ECB pledges to make cricket more inclusive – as Azeem Rafiq questions whether reforms will ‘stop the racism I experienced’ | UK News
The England and Wales Cricket Board (ECB) has pledged to make the sport “a game for everyone” by introducing an independent regulator and investing £25m a year into the women’s game.
A report in June by the Independent Commission for Equity in Cricket (ICEC) found racism, sexism, elitism and class-based discrimination was “widespread and deep-rooted” within the sport.
It said women in cricket were treated as “second-class citizens” and recommended the ECB strive to ensure equal pay on average at domestic level by 2029 and at international level by 2030.
Setting out its formal response to the findings on Monday following a three-month consultation, the ECB committed to a new independent cricket regulator responsible for enforcing regulations and carrying out investigations.
It also said it would invest £25m a year above the revenue it receives from the women’s game into growing women’s and girls’ cricket at all levels until at least 2028 – which comes after the ECB announced in August that England Women will earn the same match fees as the men’s side.
Other reforms include tripling the number of girls’ club teams by 2026, providing support and training across the cricket network to enhance understanding of discrimination and the management of complaints across the cricket network, more ambitious targets for gender and ethnic diversity, and developing action plans to tackle specific barriers facing state school and black children.
ECB chair Richard Thompson said: “This response represents a set of actions that will accelerate and intensify our work to make cricket a game for everyone, actions that cricket can deliver and fund within an achievable timeframe. It builds on a huge amount of work which is already under way right across the network.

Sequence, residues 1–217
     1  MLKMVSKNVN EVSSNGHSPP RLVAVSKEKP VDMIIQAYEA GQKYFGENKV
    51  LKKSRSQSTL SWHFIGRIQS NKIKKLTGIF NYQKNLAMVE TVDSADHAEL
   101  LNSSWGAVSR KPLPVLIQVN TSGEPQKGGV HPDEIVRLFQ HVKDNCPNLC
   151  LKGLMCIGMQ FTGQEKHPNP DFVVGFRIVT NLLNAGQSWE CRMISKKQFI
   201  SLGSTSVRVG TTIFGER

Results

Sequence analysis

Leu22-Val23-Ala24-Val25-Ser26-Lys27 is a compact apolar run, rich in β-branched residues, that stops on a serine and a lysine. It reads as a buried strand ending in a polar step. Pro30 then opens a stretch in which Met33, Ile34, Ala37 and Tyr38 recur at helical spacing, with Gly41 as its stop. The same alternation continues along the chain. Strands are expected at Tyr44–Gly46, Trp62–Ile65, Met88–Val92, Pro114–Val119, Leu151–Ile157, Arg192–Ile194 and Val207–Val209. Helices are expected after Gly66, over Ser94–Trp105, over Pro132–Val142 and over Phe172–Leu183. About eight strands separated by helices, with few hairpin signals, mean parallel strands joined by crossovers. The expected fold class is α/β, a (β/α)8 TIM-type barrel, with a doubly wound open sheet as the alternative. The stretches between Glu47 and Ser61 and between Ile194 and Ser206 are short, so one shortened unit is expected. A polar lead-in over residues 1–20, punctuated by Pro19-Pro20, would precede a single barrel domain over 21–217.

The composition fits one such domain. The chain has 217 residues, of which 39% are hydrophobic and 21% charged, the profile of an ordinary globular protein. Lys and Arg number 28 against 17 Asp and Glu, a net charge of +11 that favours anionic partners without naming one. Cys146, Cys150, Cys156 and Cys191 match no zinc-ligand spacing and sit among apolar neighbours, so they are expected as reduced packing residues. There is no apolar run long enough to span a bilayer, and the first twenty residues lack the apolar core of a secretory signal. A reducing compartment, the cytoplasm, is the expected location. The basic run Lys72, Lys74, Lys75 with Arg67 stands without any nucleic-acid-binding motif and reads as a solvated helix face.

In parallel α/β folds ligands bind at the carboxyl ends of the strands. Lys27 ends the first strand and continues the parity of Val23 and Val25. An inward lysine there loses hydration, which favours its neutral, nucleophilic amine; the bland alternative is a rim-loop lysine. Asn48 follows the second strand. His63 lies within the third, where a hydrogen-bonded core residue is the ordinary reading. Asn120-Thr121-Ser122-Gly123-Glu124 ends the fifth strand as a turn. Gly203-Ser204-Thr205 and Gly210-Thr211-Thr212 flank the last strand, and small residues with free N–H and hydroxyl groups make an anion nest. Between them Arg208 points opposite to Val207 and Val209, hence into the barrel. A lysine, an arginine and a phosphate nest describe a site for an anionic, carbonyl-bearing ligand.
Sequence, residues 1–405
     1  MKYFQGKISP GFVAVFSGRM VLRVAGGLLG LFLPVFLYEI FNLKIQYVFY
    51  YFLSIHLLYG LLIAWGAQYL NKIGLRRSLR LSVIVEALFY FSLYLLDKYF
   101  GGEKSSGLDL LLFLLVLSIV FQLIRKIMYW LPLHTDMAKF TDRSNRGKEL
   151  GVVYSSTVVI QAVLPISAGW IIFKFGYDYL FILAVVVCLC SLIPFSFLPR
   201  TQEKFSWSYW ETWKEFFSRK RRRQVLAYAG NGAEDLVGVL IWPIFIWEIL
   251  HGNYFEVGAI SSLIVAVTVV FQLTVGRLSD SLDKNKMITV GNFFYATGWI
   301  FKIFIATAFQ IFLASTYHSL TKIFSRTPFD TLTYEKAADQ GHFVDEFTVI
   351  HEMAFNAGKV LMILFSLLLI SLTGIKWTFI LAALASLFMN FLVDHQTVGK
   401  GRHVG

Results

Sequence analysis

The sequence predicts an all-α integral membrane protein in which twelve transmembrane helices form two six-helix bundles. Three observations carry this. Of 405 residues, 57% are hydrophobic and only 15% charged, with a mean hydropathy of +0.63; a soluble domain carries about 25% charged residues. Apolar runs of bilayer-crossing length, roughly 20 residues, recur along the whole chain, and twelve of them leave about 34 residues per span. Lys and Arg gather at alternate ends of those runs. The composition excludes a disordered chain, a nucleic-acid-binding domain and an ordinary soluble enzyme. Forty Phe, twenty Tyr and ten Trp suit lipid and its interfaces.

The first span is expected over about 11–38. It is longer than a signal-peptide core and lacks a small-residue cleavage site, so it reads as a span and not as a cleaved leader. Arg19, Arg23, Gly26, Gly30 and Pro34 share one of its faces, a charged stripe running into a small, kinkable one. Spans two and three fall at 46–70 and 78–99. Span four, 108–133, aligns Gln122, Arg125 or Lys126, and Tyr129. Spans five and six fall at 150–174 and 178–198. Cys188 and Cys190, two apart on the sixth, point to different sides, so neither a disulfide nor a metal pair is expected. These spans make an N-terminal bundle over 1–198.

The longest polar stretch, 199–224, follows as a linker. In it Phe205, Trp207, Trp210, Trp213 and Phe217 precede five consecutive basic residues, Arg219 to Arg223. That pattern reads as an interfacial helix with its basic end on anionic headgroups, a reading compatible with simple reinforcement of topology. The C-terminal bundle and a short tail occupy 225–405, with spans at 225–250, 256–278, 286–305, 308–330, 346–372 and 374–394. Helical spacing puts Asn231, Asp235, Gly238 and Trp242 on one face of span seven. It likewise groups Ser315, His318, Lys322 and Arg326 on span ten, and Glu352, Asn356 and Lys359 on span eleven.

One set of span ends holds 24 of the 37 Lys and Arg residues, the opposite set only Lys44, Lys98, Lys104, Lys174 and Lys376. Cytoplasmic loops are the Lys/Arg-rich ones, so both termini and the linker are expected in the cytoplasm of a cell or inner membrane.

“Cricket hasn’t got it right in the past, but this is an opportunity to move forwards together.”
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However, former Yorkshire player Azeem Rafiq, said he was “disappointed” with the lack of detail and clarity in the ECB’s response.
He told Sky News: “There are a couple of positives, but I just expected a little bit more, it’s quite frustrating.”
While he welcomed some of the initiatives as “a step in the right direction”, he questioned whether the actions would “stop the overt racism that I experienced”.
In July, Yorkshire County Cricket Club was fined £400,000 and had a total of 52 points deducted over its handling of the racism scandal linked to Rafiq.
The ICEC inquiry collected evidence from more than 4,000 people and found the sort of discrimination and abuse faced by Rafiq was widespread.
“People are still getting in touch about experiences and really struggling to know where to go and who to trust,” he said.
“A stronger response today would have helped change that.”
“I’m not sure they have listened,” he continued, adding: “I think they have listened to people who have told them what they wanted to hear, and that is why change is so difficult.”
ICEC chair Cindy Butts said: “We are carefully considering the ECB’s published response to our recommendations, we will share our considered view when we give evidence to the CMS [Culture, Media, and Sport] select committee.”